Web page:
So Antalya happened. In blistering heat of 40°C / 104 F, the Korean team made, and won, every gold medal match. No cracks in the team armour at all, although the individual bronze matches saw some action. There was a sterling performance from Brasil, making the men’s team finals and shooting well but overcome by a seriously impressive USA men’s team. Tan Ya Ting of Chinese Taipei turned heads by beating both Ki Bo Bae and Chang Hye Jin on her way to individual bronze. Choi Misun continued her dominant run and has to be individual favourite in the Sambadrome in six weeks time. The compound finals… weren’t that thrilling, really. Sorry. Well done to the Turkish compound talent finally, deservedly breaking into the medals though.
For a lot of squads, the tournament was almost a sideshow compared to the final Rio qualifier, and it’s hard to take conclusions for the summer that haven’t already been drawn. Germany had a disastrous meet, failing to upgrade individual places to the full team spots their ranking easily suggested should be theirs. Today, they announced they will send Lisa Unruh and Florian Floto to Rio.
As Antalya was the last World Cup of the year – there are only three stages in Olympic years – the line-up for the World Cup final has been finalised. There’s plenty of new entrants as well as familiar faces: Brady Ellison will be back for a record seventh consecutive final.
RIO NEWS. It’s really not been the best week for Rio 2016, with athletes getting robbed and ticket sales still sluggish. Some big name golfers have pulled out citing the Zika virus, although reading around there is a sneaking suspicion that it’s just not that high up the priority list. I personally think golf has no place in the Olympics, TV draw or not. It’s a long way from being the pinnacle of the sport, and that’s what it should be. Hopefully next month will be like London 2012 at the same stage, when the doom-and-gloom fades and the excitement starts building.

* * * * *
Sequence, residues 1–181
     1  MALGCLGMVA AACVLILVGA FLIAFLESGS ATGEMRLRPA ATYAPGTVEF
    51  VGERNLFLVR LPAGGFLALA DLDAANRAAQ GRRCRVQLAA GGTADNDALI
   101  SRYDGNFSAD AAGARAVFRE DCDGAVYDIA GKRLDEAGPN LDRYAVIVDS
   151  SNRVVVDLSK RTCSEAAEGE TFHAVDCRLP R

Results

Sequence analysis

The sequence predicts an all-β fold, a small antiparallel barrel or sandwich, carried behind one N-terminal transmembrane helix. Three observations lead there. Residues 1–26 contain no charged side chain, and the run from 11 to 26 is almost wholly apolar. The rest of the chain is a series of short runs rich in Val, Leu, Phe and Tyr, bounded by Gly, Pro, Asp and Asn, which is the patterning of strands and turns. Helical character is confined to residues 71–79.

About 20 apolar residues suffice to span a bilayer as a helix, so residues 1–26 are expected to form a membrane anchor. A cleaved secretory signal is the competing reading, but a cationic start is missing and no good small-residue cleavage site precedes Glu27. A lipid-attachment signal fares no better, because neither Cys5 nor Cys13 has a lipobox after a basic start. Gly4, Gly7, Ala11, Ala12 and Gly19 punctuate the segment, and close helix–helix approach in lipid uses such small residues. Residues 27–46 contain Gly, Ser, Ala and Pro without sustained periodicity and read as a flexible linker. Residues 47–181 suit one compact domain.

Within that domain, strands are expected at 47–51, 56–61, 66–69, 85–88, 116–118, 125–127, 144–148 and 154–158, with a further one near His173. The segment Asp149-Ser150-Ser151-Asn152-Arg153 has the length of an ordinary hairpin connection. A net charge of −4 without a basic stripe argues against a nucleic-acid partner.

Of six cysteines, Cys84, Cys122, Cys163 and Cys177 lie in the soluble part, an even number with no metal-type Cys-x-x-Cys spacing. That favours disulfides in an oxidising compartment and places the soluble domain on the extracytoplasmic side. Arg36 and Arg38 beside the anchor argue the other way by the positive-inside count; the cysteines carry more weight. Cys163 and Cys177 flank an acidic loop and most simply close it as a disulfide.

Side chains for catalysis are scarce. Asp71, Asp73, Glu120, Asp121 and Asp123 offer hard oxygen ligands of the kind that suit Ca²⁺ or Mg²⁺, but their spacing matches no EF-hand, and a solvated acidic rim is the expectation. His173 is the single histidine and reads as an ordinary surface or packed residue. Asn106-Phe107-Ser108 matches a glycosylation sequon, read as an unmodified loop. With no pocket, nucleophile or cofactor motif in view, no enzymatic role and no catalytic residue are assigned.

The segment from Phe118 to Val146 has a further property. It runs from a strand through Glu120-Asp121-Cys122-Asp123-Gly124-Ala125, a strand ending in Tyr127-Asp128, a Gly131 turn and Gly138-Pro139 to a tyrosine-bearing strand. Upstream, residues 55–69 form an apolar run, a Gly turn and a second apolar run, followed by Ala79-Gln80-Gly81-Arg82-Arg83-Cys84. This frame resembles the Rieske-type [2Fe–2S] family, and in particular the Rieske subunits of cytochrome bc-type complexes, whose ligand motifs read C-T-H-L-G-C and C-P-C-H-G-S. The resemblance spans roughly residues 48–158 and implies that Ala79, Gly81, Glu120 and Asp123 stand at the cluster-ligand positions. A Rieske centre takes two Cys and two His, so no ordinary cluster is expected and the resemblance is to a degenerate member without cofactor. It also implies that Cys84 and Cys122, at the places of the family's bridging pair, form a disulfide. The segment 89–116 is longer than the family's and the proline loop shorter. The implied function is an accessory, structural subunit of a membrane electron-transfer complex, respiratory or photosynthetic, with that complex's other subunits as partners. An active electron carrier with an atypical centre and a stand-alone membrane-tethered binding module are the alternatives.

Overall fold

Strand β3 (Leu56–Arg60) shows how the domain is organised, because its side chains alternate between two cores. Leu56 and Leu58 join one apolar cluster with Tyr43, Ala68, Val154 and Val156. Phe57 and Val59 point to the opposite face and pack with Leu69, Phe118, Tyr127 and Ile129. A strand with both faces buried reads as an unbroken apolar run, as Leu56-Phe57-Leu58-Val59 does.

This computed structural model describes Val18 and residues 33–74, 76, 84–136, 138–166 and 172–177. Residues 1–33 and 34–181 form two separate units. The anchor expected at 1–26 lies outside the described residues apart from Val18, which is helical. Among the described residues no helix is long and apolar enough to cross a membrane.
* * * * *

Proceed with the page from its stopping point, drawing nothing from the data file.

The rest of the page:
It’s looking like Russia’s track and field athletes won’t be in Brazil in August, but there’s even a possibility the entire Russian delegation might get canned. That would affect the archery profoundly; the Russian women’s team would be expected to make the last eight, and their absence would strengthen several other team challenges. Watch this space.
Doing the Kumari roll. THIS PICTURE COPYRIGHT THE INFINITE CURVE 2016 DON’T STEAL IT AND RUIN IT KTHXBAI
Indian archers are never far from their own country’s sports pages, which are noticeable for their flowery, melodramatic language. They are also notable for a cavalier attitude towards copyright issues. This report on Antalya uses one of my photographs – I took it at the finals of the World Cup in Wroclaw last year. Apart from making the quality hideous and stripping off the watermark, they’ve also apparently assigned the copyright to someone else! FB? Facebook? Yeah, cheers guys…